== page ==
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Welcome home to UK astronaut Major Tim Peake, who returned to Earth on Saturday at the end of his mission aboard the International Space Station, orbiting 250 miles above our planet.

The former Army helicopter pilot is only the second Briton to spend time in space, following in the footsteps of Helen Sharman, who spent a week aboard the Soviet Mir space station in 1991. In contrast, Major Peake has spent six months aboard the ISS, designed to be a permanently crewed science lab in space.

Crews are regularly rotated, most spending around six months on the space station. Major Peake returned to Earth on Saturday along with two fellow crew members, American astronaut Timothy Kopra and Russian cosmonaut Yuri Malenchenko. Their cramped Soyuz capsule parachuted safely to ground in Kazakhstan after hurtling through the Earth's atmosphere at 25 times the speed of sound, generating temperatures of around 2,500°C on the outside of the capsule.

After landing, Major Peake and his colleagues were carried from the capsule to a nearby tent for a series of routine medical checks. This is partly because the zero gravity of space causes some muscle wastage and loss of bone density, but mainly because returning to Earth's gravity tends to pull blood away from the brain causing astronauts to feel dizzy, light-headed and faint until their bodies readjust. Previous astronauts have said it takes several weeks for the human body to readapt to being on Earth after extended stays in zero gravity.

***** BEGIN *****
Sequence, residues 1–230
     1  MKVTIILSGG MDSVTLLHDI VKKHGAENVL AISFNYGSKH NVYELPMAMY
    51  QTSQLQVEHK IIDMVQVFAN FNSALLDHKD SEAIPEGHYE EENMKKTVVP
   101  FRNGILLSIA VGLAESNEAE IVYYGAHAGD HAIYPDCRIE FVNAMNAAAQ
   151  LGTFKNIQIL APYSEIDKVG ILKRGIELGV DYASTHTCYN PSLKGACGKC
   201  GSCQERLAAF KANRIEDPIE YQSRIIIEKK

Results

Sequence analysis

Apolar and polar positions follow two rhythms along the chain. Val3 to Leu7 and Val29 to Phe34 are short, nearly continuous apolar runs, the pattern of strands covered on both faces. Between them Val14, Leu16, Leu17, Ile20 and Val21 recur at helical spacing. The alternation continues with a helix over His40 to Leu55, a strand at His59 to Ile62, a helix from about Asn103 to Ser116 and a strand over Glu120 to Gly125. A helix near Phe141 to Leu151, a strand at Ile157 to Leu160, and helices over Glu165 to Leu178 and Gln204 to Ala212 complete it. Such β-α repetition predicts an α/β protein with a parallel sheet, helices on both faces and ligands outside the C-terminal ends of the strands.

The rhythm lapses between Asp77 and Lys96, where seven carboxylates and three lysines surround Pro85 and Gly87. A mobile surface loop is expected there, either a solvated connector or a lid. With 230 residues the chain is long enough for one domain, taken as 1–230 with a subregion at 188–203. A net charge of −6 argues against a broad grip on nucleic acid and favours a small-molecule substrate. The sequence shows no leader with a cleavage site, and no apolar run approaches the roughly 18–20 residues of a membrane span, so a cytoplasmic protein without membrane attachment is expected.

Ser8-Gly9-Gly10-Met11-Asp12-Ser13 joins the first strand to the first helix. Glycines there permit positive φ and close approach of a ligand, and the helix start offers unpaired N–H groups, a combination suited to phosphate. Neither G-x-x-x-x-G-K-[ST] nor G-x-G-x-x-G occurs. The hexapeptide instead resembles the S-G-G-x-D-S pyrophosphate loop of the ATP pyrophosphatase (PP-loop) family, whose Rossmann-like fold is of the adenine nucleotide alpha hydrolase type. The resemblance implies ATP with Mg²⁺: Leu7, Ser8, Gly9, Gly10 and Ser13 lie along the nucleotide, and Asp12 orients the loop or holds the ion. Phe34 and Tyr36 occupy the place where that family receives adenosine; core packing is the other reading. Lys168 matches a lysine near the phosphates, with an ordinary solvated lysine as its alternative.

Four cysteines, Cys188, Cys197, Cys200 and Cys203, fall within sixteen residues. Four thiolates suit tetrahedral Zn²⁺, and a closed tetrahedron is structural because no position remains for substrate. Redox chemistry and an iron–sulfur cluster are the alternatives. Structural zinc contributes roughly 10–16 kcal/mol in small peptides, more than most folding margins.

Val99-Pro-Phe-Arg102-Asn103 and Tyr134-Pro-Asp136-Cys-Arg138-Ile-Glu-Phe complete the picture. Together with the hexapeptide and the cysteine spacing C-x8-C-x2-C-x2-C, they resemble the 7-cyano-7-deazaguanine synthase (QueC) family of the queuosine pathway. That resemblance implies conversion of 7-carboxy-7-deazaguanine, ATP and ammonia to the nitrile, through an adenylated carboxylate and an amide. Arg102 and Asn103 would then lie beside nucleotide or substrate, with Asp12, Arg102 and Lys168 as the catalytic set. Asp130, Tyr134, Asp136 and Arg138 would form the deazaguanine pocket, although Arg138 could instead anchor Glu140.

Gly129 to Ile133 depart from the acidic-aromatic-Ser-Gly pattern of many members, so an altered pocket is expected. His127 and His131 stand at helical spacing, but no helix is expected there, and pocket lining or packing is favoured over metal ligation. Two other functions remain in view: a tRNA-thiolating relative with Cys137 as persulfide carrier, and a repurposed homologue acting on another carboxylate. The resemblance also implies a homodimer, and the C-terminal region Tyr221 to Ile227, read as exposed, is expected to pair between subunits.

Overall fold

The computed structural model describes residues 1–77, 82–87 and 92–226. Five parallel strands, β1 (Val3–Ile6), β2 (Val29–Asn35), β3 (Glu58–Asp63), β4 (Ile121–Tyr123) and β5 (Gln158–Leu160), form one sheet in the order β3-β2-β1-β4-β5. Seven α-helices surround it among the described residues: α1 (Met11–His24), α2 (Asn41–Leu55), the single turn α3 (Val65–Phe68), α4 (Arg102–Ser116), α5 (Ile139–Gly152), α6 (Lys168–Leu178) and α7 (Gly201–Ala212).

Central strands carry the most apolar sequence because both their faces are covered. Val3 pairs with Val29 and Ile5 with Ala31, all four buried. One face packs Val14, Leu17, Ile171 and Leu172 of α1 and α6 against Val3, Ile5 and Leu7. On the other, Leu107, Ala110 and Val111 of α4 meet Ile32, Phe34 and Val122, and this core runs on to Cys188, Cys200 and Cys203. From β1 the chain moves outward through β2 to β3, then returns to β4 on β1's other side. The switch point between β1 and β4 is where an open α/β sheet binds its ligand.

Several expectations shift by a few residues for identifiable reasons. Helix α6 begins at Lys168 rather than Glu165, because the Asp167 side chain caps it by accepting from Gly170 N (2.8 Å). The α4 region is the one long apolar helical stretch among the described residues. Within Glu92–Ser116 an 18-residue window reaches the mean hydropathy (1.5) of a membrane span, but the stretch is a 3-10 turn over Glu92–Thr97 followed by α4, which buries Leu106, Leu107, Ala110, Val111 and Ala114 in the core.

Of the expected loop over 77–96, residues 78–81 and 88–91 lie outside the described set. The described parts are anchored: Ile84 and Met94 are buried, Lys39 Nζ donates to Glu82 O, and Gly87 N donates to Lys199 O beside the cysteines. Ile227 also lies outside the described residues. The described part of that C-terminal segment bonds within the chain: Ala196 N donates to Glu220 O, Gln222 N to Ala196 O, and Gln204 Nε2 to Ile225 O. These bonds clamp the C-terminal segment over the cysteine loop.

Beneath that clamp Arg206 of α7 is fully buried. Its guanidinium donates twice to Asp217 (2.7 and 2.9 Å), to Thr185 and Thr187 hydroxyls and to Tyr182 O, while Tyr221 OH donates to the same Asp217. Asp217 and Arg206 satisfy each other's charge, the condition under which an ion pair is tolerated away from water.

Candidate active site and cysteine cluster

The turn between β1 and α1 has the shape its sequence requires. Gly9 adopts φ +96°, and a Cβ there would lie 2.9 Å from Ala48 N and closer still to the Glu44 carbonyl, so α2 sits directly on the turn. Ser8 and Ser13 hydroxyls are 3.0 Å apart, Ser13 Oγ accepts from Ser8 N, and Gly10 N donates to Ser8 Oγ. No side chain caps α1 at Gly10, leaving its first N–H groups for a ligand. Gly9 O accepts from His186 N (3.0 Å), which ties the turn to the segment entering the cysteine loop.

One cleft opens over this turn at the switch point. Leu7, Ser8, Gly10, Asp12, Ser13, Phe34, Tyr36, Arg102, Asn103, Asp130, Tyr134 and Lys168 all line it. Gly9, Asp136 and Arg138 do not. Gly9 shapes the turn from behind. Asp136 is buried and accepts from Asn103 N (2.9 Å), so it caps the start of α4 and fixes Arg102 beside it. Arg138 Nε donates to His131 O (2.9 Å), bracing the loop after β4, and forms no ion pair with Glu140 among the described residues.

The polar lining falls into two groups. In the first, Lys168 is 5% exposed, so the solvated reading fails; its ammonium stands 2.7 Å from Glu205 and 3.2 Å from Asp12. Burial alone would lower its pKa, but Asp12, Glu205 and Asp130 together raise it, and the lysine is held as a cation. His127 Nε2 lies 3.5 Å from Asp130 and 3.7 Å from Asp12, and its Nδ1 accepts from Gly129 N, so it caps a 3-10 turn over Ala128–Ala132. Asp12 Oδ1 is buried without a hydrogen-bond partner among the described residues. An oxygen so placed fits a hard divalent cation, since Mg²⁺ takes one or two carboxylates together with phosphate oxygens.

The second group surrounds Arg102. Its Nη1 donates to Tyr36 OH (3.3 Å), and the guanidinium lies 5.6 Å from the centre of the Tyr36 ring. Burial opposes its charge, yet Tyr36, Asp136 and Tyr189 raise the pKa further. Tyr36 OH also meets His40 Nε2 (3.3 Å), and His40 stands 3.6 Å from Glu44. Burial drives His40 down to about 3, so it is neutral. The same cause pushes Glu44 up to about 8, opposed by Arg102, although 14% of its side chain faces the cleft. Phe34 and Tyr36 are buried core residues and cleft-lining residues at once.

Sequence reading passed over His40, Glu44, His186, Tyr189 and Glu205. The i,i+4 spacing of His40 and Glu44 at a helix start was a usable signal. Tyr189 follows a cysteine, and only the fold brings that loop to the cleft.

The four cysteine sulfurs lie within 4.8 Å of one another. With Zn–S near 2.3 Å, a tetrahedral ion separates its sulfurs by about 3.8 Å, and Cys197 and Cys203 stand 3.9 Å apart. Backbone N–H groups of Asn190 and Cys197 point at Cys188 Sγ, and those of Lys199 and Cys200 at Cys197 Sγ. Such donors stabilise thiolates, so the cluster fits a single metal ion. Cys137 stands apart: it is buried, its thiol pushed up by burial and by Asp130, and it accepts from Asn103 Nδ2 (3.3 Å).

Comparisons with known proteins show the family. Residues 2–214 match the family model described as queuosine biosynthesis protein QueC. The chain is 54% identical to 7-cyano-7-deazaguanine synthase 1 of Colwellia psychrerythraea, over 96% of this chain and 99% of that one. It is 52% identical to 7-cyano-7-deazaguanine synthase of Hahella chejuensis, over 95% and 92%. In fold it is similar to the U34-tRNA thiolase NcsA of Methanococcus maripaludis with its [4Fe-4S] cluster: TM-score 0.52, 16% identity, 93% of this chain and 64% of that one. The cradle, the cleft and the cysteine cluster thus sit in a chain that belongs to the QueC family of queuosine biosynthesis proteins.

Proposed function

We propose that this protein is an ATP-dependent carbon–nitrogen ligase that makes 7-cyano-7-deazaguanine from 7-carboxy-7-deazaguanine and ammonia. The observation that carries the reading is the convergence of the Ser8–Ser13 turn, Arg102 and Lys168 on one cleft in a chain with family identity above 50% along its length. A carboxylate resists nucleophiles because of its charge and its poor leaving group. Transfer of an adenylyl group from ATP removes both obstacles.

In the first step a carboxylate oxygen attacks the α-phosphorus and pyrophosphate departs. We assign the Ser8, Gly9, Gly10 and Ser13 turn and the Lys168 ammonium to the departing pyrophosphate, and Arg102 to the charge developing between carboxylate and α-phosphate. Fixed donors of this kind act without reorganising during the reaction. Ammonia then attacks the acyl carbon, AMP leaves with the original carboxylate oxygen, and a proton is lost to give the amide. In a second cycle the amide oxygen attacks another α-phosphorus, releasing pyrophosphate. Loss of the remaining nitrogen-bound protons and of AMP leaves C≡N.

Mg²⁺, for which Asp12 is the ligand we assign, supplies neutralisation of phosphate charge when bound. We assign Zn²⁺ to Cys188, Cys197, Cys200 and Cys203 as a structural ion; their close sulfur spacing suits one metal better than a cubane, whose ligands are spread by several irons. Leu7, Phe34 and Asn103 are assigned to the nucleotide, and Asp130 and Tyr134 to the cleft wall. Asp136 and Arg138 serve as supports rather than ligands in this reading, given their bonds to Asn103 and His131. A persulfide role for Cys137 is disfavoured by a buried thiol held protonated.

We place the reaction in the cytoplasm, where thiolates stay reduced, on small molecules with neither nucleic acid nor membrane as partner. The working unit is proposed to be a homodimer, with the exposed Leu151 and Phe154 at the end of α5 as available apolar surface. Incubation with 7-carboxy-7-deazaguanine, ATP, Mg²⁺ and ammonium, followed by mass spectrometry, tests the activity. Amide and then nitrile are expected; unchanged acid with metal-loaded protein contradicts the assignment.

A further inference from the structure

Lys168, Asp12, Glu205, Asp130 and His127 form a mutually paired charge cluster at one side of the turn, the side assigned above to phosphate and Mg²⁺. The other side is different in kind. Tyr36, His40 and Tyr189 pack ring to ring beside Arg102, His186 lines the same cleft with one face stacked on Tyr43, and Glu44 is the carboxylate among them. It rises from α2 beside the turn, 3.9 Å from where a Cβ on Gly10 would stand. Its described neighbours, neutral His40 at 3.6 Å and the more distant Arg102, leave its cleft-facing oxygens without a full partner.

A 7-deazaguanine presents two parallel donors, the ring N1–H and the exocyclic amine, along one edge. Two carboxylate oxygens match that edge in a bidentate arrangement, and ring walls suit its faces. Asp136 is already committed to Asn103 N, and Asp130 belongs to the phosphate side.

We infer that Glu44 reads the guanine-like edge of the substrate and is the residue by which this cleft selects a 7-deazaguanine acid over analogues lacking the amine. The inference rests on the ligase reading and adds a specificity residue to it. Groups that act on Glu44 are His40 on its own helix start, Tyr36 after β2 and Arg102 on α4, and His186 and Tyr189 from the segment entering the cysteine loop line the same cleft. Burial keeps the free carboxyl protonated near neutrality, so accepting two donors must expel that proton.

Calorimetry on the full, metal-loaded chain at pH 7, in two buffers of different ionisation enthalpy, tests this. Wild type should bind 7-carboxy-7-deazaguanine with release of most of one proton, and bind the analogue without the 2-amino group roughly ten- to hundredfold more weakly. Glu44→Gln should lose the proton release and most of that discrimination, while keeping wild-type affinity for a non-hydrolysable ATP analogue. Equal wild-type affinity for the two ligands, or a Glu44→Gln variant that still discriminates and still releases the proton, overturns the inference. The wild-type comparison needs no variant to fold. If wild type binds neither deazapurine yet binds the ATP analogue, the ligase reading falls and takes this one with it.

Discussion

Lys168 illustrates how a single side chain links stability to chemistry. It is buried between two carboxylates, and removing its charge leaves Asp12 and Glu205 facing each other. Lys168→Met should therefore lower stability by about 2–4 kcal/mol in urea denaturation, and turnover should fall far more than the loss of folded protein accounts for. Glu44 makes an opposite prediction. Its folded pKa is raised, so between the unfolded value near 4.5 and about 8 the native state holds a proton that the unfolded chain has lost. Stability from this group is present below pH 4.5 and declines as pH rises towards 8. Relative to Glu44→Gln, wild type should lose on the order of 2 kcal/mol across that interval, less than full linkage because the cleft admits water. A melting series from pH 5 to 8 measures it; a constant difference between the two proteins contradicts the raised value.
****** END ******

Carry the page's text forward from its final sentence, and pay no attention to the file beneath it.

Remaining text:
Major Peake was chosen from a pool of 8,000 applicants to join the European Space Agency astronaut training programme back in 2009, becoming the first Briton to be selected as an ESA astronaut. He undertook years of intensive training before joining the crew of the ISS in December last year.

During his time on board he has helped to conduct more than 250 experiments in medical science, radiation physics and materials. He also took part in a spacewalk in January this year, changing a faulty component on the outside of the ISS together with fellow astronaut Tim Kopra.

Perhaps his biggest achievement has been in engaging at least a million UK schoolchildren in the space programme, inspiring a new generation of scientists and engineers, and maybe even future astronauts. Under the banner of the 'Cosmic Classroom' around 30 projects have actively involved students of various ages, ranging from fitness challenge, biology experiments, amateur radio hook-ups and computer coding. Together they comprise the largest public engagement exercise for any ESA astronaut.

In more light-hearted moments, he also ran a 'virtual' London Marathon hooked to a treadmill, addressed this year's Brit Awards and controlled a robot on Earth by remote control from the ISS. Above all he has been a tremendous ambassador for both the ESA and Briton, and that work is sure to continue now that he is safely back on Earth.

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